San Diego Clubs Create A Home For Jazz
Joshua White sits at a grand piano in a large room that is enclosed by walls full of shelves and books. He plays a tune that is fast and abstract then downshifts to a jazz ballad.
The room is a library, but it is also a jazz club.
“In San Diego one of my favorite music venues is where we’re currently speaking, the Athenaeum Music and Arts Library,” White said. “One, because I love this beautiful Steinway piano. And two, the room has a certain intimate quality and a resonance, sonically.”
Jazz venues in San Diego range from Jacobs Music Center, home of the San Diego Symphony, to academic settings to Hillcrest bars and wandering venues that are always in search of a home. But there are things the good ones all share.
“That connection. That feeling. The vibe. That church vibe,” trumpeter Gilbert Castellanos said. “Because every time I play, I’m on the altar of joy. And that’s the stage.”
Joshua White is a tall young man with a serious face, and he is very serious about his music. He will not even call it jazz because that would restrict his ability to express. He said when a venue stops presenting music — or loses its lease — the jazz community loses one of its moorings.
“They in themselves don’t necessarily sustain the community. They perpetuate a sense of continuity and consistency that helps the community at large survive through ups and downs.”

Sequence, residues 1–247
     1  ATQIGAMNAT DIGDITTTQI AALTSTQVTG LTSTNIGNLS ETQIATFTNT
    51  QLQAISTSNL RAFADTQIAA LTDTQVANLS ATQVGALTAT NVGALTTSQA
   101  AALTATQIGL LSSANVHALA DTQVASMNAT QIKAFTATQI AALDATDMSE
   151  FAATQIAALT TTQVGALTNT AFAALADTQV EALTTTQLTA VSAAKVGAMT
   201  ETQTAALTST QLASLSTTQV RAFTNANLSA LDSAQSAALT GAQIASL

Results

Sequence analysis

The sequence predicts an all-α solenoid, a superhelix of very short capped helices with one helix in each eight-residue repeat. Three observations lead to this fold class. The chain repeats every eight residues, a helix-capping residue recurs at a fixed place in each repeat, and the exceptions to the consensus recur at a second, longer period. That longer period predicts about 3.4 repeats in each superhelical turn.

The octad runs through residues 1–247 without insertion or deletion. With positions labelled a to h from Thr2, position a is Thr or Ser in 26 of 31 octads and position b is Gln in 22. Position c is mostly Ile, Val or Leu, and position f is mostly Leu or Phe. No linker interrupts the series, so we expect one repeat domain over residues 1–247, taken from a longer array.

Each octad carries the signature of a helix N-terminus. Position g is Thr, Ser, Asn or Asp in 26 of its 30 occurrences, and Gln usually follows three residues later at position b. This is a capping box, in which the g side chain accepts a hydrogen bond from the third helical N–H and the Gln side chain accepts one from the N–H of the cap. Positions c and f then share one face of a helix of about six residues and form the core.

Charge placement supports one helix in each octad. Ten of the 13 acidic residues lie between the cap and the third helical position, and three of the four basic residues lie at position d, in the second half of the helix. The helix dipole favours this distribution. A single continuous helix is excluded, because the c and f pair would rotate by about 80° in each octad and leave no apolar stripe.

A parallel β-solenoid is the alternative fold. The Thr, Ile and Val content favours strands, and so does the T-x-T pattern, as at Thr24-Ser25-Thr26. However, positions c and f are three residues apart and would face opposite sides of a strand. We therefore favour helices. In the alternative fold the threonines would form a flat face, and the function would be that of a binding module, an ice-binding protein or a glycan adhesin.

He points out those moorings are not just buildings, they are the people who bridge the gap between jazz and major institutions in San Diego.
“Whether it’s Gilbert Castellanos and the San Diego Symphony or Gilbert Castellanos and the San Diego of Art through Panama 66 and his jam sessions on Wednesday evenings,” White said.
It is Wednesday evening.
Panama 66 is in an open-sky courtyard next to the San Diego Museum of Art in Balboa Park. Castellanos is blowing his horn with a bass, piano and drums. Tables and chairs surround the bandstand. There is a bar serving beer and wine, and everybody is here.
The jam session opened with a group of some students of Gilbert Castellanos who attend the International Academy of Jazz. One of them is 16-year-old Johnny Steele, a tall kid with blond hair whose terrific drum solo filled the place a few minutes before we spoke.
“I really like playing in this open environment. It’s very relaxed, and you’re getting to play with some of the best musicians in San Diego,” Steele said. “Some of my favorite musicians, who just happen to live here. It’s an awesome experience.”
In San Diego, the jazz scene relies on a scattering of venues that include the Plaza Bar of the Westgate Hotel and Bread and Salt in Barrio Logan, whose jazz programs are hosted by the Athenaeum Art Center. Jazz may have begun in dance halls and brothels, but today, it finds a life in the halls of classical music.
“A concert hall is a perfect place to hear jazz!” Megan Swann said about the pulse of the music at Panama 66. She is an artistic planner for the symphony.
“You get to tune in without the crowd talking. Without the bar service and everything, and you get to listen to every note and how it blends and how every note bounces around a huge space,” she said.